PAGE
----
Lev Aronson

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Lev Zacharovitch Aronson (Lew Aronson, Lev Aronoff, Lev Aronov, Lev Arnoff, Lew Arnow, Lew Arnoff-Aramon, Lew Arnoff-Aronson) (February 7, 1912 – November 12, 1988) was an Eastern European-American cellist and cello teacher.

Early life[edit]

Lev Aronson was born February 7, 1912, in Mönchengladbach, Germany. Aronson's parents, Zorach and Pessa, along with their first infant son, had moved to Germany in 1911 so Zorach could study tailoring at the Fachhoschule (School of Fashion) in Berlin. Zorach and Pessa's infant son died in 1911.[1] Lev was born a few weeks before his father graduated from the Fachhoschule. About three weeks after Lev’s birth, the family returned to their home in Mitava in the Courland region of the Russian Empire (presently Jelgava, Latvia).[2]

Aronson's sister, Gerda, was born in 1914, the same year Archduke Franz Ferdinand was assassinated and World War I began. The Russian government, fearing that German and Yiddish-speaking Jews might be or become German spies, took action quickly. On April 18, 1915, the Decree of Expulsion was issued by Czarist Russia, and many Jews were forcibly moved to the interior of Russia. The Aronsons and many other Jews were deported on cattle cars to Voronezh, southeast of Moscow.[3]

Aronson first heard the cello played by a child of a non-Jewish neighbor in Veronezh. Soon after this, a relative on his mother’s side, Nikolai Arnoff, who was a professional cellist, came to Veronezh to give a concert and stayed with the Aronson family. He taught Lev how to hold the instrument and the bow. Lev’s father bought him a small cello and arranged with a fellow immigrant, Aron Rafaelovitsch Rubinstein, to teach the child his first cello lessons.[4] Lev was seven.

In 1920, the family was allowed to leave Veronezh, and they chose to move to Riga, Latvia. Lev attended school in Riga and continued to study cello.[5] As a youth, he performed occasionally with the orchestra at silent movies. Aronson studied cello with Paul Berkowitz, a well-known physician and cellist in Riga.[6]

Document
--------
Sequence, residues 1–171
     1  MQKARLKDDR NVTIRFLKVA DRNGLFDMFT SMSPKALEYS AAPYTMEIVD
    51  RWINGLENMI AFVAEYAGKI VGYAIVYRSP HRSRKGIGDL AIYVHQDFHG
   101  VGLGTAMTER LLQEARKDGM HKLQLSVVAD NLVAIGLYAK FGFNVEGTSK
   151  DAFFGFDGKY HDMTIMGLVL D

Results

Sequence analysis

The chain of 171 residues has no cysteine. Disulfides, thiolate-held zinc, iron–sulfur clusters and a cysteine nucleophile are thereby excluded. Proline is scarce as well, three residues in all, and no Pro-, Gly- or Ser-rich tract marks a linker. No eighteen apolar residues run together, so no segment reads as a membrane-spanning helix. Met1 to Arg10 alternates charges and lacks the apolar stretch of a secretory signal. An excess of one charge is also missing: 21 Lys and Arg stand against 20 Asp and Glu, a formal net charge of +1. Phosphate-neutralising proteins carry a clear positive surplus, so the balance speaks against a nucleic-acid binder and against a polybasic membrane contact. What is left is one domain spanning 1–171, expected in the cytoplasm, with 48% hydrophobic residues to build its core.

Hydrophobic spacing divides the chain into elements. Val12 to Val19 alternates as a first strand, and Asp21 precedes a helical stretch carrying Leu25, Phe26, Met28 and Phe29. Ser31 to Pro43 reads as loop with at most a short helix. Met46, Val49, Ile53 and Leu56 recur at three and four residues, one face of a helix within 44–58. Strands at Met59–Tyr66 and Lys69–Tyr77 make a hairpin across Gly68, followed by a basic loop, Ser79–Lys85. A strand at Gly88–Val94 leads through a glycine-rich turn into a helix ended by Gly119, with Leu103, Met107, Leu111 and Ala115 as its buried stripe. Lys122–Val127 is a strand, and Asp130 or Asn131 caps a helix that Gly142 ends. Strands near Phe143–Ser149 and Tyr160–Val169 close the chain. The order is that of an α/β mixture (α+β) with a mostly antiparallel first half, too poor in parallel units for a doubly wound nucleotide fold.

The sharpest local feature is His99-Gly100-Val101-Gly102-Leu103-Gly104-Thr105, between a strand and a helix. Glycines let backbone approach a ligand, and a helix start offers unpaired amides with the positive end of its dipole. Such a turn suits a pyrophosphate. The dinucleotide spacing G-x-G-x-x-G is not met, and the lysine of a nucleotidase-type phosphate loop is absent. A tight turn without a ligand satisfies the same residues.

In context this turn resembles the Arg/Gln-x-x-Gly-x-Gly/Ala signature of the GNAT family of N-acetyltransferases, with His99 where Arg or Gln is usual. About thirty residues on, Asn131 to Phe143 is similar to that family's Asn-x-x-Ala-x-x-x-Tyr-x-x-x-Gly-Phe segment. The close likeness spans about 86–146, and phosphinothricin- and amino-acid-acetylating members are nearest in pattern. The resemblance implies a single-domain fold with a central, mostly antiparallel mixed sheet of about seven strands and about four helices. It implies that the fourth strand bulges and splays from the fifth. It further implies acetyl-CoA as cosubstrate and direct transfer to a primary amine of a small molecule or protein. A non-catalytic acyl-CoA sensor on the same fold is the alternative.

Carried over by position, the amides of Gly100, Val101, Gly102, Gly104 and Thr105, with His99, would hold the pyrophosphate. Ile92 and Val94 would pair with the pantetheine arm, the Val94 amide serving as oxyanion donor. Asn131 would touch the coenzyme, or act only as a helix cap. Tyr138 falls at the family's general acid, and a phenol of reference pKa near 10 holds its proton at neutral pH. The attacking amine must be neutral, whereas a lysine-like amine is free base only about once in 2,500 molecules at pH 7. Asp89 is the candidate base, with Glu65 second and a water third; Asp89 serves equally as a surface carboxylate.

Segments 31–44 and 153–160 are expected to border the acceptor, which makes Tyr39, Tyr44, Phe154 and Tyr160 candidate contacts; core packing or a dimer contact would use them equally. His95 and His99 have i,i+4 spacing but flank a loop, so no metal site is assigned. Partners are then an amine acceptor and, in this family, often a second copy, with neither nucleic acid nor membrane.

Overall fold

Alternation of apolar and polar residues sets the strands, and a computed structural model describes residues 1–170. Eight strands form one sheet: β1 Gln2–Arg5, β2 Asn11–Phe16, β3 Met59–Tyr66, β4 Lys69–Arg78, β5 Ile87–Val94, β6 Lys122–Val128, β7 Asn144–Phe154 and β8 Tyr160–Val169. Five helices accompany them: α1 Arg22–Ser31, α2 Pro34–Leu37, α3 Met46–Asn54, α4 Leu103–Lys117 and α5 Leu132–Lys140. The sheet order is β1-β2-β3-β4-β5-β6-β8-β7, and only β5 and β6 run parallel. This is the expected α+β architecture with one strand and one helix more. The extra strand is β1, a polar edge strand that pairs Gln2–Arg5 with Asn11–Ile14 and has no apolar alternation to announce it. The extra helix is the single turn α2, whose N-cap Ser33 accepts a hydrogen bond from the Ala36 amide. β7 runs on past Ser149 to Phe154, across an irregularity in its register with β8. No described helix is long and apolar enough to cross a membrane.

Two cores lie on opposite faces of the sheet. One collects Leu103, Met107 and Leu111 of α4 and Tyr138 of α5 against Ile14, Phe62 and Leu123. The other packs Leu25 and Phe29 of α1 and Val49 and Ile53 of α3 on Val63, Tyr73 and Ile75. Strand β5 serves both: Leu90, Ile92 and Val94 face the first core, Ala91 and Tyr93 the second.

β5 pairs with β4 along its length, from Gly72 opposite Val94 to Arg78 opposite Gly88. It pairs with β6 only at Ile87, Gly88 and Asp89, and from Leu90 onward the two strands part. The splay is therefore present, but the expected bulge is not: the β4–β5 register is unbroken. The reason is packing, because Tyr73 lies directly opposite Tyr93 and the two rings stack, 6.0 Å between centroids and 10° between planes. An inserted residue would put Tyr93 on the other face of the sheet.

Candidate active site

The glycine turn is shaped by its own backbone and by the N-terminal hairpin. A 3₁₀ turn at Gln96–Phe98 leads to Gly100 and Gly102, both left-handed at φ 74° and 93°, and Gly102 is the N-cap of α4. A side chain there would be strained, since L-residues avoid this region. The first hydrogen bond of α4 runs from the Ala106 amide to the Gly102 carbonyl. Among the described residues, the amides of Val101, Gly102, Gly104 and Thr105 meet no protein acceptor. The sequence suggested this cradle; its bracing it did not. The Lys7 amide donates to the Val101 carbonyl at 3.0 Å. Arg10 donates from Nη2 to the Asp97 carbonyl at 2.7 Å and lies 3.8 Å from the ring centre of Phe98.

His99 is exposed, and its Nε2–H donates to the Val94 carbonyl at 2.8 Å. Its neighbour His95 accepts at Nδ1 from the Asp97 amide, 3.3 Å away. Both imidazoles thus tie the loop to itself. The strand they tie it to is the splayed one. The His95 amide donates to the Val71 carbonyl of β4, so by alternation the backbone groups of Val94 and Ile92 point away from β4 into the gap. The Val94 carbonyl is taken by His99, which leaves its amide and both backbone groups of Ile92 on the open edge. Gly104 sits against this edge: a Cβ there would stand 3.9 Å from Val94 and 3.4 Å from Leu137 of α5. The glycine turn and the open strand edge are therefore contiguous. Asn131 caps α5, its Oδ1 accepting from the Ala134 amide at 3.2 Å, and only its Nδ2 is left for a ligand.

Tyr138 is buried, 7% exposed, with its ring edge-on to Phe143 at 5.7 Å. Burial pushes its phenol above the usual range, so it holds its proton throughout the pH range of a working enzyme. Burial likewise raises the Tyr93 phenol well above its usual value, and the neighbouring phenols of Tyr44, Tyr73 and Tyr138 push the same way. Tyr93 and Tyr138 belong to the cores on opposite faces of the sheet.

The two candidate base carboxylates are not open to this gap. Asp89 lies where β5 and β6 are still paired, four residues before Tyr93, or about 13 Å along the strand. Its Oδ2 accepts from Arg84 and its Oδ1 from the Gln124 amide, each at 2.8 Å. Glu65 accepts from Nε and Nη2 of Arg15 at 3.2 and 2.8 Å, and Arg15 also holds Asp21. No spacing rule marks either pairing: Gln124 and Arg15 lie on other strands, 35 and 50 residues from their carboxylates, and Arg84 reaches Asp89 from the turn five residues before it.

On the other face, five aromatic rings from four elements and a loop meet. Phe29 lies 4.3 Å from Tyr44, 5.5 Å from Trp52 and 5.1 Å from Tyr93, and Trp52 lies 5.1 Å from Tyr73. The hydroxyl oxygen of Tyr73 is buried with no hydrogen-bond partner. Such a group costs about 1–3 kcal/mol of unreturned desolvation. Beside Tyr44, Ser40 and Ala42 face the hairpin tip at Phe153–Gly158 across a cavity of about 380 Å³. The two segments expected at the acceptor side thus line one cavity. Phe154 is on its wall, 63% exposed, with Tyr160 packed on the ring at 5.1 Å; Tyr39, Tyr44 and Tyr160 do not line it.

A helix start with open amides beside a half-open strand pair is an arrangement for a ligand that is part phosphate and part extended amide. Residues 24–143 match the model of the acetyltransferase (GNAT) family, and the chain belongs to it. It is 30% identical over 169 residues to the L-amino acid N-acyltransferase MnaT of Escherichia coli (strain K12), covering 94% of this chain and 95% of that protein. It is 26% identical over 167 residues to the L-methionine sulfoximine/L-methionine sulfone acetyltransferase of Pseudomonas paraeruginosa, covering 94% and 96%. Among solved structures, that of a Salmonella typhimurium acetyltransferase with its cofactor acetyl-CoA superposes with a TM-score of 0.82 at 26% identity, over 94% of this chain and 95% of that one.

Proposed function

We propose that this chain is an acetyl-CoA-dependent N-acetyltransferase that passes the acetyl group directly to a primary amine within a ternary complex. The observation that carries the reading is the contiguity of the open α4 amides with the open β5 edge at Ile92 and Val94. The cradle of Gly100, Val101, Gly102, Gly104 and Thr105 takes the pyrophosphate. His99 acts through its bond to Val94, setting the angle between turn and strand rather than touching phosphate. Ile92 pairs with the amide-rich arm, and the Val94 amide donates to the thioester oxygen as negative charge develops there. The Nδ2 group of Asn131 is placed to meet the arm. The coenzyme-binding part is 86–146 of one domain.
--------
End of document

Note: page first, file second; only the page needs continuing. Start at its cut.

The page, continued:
Between the World Wars[edit]

Upon his graduation from high school at 16, Aronson moved to Berlin to study law.[7] During his first semester he met a doctor who was an amateur cellist. The doctor, after hearing Aronson play, introduced him to Julius Klengel in Leipzig. Aronson began studying cello with Klengel and soon gave up law to focus on music. After a year with Klengel, Lev began his studies with Alfred von Glehn at the Klindworth-Scharwenka Conservatory in Berlin. When von Glehn died, Gregor Piatigorsky took over his class.[8] Piatigorsky was to become Aronson's life-long mentor and friend. Aronson began performing locally with three German friends in the Peters String Quartet in 1931.

In 1933, Adolf Hitler became chancellor of Germany. Anti-Jewish violence in Germany and throughout Europe was on the rise. Aronson decided to change his name to Lev Arnoff, which sounded more Russian than Jewish in an attempt to escape attention and continue performing.[9] Aronson found a patroness, Mrs. Daliba Jones, whom he met in Florence through American conductor Vladimir Shavitch, and began to build a successful performing career throughout Europe as a soloist. He won a competition in Russia.[10] He made several recordings for the Bellacord Electro label. In 1937, he became principal cellist for the Philharmonic Orchestra of Libau.[11] During the late 1930s, Aronson also began teaching cello in Riga, awakening a passion for education that would stay with him for the rest of his life.

The Holocaust and Its Aftermath[edit]

German forces invaded and occupied Riga in June 1941. Aronson's cellos were confiscated. Aronson began work as a slave laborer for the Gestapo.[10] The Jews were moved to a ghetto in the so-called Moscow suburb of Riga.[12] Between November 29 and December 8, 1941, thousands of Jews living in the Riga Ghetto were taken to the Rumbula forest, shot, and buried in mass graves. Among them were Aronson’s parents.